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I just finished a post about QF (quadratic finance) which some are pushing as the "mathematically optimal" way to fund open source.

https://mattwthomas.com/blog/fund-open-source/

I hope to clear up some of the confusion that I've heard about it and point out some problems with the way that people outside of Economics are interpreting the original paper.

@tfardet I should probably make some edits. QF gives this funding:

$$

x_p = (\sum_i \sqrt{c_{p, i}} )^2

$$

You never sum over p and you always run an (unknown) deficit that you hope to have enough funds to cover.

The implementation is something completely different with

$$

\tilde{x}_p = \left[ \sum_i c_i^p \right] + G \frac{\left( \sum_i \sqrt{c_{p, i}} \right)^2}{ \sum_p \left( \sum_i \sqrt{c_{p, i}} \right)^2}

$$

where they force the deficit to equal G. Does that make sense?

@tfardet

For TeX:

So what do you do with the remaining money?

Why not renormalize so that each project get a fraction of the total donations given by x_p / sum_p x_p?

I'm probably missing something very basic but I do not understand the logic (what are the authors/implementers trying to achieve)

Forget what I said, must be tired, Friday evening...

OK, so we're actually missing money.

But same issue, why not renormalize?

@tfardet Got it. This is a good question. The simple answer is that we are only interested in QF because it has certain properties. Re-normalizing gets rid of these properties.

I haven't looked too closely at this particular re-normalization, but I believe the quadratic part for the project that you want cancels out. So you are left with the private donations outcome divided by some junk that depends only on other projects. This isn't going to be efficient.

@tfardet another way of looking at it is that VCG and QF aren't optimal ways of fundraising. They are systems where people vote with their wallets to allocate a large pool of funds that was already raised.

The funds raised by the mechanism itself are just a nice bonus.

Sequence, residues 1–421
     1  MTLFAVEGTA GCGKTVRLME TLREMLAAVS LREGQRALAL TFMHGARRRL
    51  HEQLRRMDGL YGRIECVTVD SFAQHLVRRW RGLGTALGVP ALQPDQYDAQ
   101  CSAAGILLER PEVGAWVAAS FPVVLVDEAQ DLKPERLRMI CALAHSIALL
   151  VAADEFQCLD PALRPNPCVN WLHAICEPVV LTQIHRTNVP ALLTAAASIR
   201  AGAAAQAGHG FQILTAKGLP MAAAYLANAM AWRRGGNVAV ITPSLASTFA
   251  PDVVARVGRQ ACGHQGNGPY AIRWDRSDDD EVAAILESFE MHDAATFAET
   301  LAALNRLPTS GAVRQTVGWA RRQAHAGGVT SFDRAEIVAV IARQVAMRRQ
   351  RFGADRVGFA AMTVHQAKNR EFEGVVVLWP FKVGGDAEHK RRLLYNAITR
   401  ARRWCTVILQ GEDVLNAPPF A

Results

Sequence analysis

So the fund to distribute is not \sum_p \sum_I c_{p, i} ?

I thought the idea was to get small projects to benefit from people giving to popular projects so that you remove the whole "I will stop giving to this big project that must get enough to give to small projects instead".

In that case, just having the square root to compute x_p would mean that small projects benefit from any donation increase (more money anywhere means more money for them).

@mwt

On the other hand, big projects would get potentially a lot less...

@tfardet Exactly. The fund to distribute is raised externally. You also distribute the contributions, but every project gets more[1] than was contributed to them. You are not redistributing money from one project to another.

If you did, then projects you take money from would not choose to participate.

[^1]: Unless only one person contributes. In that case, the sqrt and sq cancel and you just get that one contribution.

OK, got it.

Though for your remark, you never really take from projects in what I proposed since the money comes from donations (as for tax, the more money you get the more money you have)

So it would be a balance for them whether they expect more people to contribute to this system compared to what they would get if they tried raising money on their own.

@douginamug @tfardet I should probably define collusion. It's not collusion for many people genuinely value a project to fund it. That's the point of the mechanism and, as you say, it is good.

It is collusion for one wealthy person to further increase his influence by paying thousands of people to donate on his behalf. In doing so, he receives a subsidy that he does not deserve.

Tanguy Fardet@tfardet@scicomm.xyz@mwt This sounds very interesting but I'm afraid it was not very clear to me...

Am I correct in expecting that QF for each project p would lead to a budget:

X_p = (\sum_p \sum_i c_{p, i}) * (\sum_i \sqrt{c_{p, i}})^2 / (\sum_p \sum_i \sqrt{c_{p, i}})^2)

So that the whole donations are used?